A Nightmare on Elm Street was a success that spread through word of mouth. It was made for very little money and was released on a limited number of screens. A Nightmare on Elm Street 2 was a hit in comparison, it was the highest grossing horror film of 1985, but it was not as critically successful as the first. Then along came A Nightmare on Elm Street 3: Dream Warriors. A major hit financially and a huge success all around. People loved it.
But nobody, not even the filmmakers themselves, was prepared for the success of A Nightmare on Elm Street 4: The Dream Master. It was the movie that made Freddy Krueger an icon. It was the movie that made him a household name. This was A Nightmare on Elm Street for the MTV generation. Adjusted for inflation, it is still the most successful in the entire franchise.
It became clear that a fourth Nightmare was necessary about as soon as Dream Warriors hit theaters. It was clear that its success was not going away. So a new movie was put on the fast track to be released the following year—unfortunately the Writer’s Guild strike hit about the same time. The movie was released less than a year after the release of Part 3, and it was readily apparent as planning and writing began that they would begin filming without a finished script. Which is precisely what happened.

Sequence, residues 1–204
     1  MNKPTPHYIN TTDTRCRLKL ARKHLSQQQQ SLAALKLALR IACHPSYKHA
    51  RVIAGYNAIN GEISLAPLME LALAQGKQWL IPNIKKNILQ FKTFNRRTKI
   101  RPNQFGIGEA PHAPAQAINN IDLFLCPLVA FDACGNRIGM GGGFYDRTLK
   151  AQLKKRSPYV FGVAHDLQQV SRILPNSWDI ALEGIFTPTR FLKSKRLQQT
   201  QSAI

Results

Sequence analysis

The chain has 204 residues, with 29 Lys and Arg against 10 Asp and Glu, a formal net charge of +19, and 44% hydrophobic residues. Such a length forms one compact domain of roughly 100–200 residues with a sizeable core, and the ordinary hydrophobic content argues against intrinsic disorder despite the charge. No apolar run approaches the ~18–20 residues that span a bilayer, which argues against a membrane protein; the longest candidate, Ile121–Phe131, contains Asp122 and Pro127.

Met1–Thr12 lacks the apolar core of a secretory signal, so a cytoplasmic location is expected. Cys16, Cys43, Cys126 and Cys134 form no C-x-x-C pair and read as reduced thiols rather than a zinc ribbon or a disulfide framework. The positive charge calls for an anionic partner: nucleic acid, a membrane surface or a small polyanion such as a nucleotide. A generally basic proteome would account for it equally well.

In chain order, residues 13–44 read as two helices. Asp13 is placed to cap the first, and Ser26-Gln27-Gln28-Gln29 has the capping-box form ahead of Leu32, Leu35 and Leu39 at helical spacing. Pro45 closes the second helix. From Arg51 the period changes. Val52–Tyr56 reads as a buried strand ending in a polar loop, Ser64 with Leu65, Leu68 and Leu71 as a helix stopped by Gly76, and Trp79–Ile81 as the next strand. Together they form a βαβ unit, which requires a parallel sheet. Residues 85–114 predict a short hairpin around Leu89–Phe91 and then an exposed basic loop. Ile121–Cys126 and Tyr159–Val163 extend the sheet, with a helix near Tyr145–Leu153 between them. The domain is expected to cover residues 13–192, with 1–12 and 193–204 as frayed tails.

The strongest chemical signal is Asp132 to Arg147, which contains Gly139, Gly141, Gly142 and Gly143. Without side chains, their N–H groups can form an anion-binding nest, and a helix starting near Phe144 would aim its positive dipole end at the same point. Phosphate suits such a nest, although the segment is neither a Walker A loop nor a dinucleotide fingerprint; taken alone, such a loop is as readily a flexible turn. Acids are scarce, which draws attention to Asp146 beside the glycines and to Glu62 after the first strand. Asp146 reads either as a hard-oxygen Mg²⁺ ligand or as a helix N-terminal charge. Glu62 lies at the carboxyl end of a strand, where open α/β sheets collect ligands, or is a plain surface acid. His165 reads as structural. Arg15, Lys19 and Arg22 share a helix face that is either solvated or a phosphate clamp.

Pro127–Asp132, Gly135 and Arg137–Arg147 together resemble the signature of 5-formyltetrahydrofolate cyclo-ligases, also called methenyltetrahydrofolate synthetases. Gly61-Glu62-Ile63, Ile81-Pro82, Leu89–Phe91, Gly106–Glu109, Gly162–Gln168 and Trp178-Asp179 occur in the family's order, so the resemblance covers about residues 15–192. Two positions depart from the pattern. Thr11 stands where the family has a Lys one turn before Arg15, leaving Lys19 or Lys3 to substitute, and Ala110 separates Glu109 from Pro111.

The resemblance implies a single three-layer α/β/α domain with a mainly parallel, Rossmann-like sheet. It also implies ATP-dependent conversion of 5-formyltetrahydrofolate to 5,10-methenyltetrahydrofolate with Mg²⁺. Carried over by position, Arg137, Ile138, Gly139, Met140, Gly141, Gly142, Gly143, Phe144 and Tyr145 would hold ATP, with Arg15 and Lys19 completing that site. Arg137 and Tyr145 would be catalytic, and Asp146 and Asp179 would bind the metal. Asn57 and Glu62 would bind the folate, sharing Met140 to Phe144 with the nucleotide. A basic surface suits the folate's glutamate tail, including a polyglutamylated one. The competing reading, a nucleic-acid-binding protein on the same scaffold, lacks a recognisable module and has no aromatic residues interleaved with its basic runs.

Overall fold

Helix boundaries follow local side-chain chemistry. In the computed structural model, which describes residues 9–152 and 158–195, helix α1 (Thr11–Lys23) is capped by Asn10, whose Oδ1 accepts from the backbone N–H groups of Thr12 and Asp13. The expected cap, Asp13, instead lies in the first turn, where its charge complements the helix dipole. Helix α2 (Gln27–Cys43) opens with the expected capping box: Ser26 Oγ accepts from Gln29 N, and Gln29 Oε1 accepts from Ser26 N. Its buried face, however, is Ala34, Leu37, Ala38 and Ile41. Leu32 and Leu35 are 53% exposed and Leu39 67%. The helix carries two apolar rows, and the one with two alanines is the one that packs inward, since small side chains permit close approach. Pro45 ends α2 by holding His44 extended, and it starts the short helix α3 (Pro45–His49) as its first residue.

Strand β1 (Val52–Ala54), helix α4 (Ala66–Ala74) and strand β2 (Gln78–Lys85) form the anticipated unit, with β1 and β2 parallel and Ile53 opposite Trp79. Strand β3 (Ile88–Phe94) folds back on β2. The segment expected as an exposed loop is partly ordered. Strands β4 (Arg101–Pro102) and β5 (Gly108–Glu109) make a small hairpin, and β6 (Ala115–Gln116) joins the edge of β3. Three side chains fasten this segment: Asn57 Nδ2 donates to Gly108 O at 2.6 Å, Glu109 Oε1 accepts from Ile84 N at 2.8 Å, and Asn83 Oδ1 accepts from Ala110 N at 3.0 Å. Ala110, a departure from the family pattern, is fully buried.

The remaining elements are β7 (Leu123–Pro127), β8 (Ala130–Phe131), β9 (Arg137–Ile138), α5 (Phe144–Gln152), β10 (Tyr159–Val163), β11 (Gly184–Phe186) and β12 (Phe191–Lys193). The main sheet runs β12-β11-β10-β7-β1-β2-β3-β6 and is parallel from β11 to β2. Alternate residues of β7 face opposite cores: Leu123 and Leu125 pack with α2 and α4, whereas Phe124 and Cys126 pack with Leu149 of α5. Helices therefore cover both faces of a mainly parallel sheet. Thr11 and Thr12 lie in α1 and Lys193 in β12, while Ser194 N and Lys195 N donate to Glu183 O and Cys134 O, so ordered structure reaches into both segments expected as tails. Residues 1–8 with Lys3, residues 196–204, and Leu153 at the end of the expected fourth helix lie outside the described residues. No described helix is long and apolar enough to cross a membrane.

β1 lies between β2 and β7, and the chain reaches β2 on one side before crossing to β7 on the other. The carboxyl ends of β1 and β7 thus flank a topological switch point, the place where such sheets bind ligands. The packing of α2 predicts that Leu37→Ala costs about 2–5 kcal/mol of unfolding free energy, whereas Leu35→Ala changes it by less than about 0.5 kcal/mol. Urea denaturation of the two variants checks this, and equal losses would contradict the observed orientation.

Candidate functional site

Harlin had moved to the USA from Finland very recently, and even with a film under his belt was still living in a very small apartment and eating out of a can. Shaye thought he looked and smelled like a bum. Eventually, though, he caved. He noticed that Harlin was tall and muscular, and figured that if nothing else he could at least work for the intensive hours the movie would require without collapsing.
Harlin brought a strong and specific visual style with him to the film. The scenes were storyboarded and elaborately planned by the VFX crew. The meticulously designed visuals were what the crew used as a template during filming. The character scenes were sort of padded around the visual effects. Naturally, it became more style than substance—especially when considering the balance struck by the previous.
More than anything, the problem with The Dream Master is that it lives in the shadow of Dream Warriors. Because that movie has such a perfect balance of characters, scares and incredible and imaginative FX. Even though the fourth has all of these things to at least a degree, it suffers from not going to the same lengths as the third in order to balance all of these elements and convey them to the audience in a manner that neither took them out of the film nor pandered to them in order to explain things.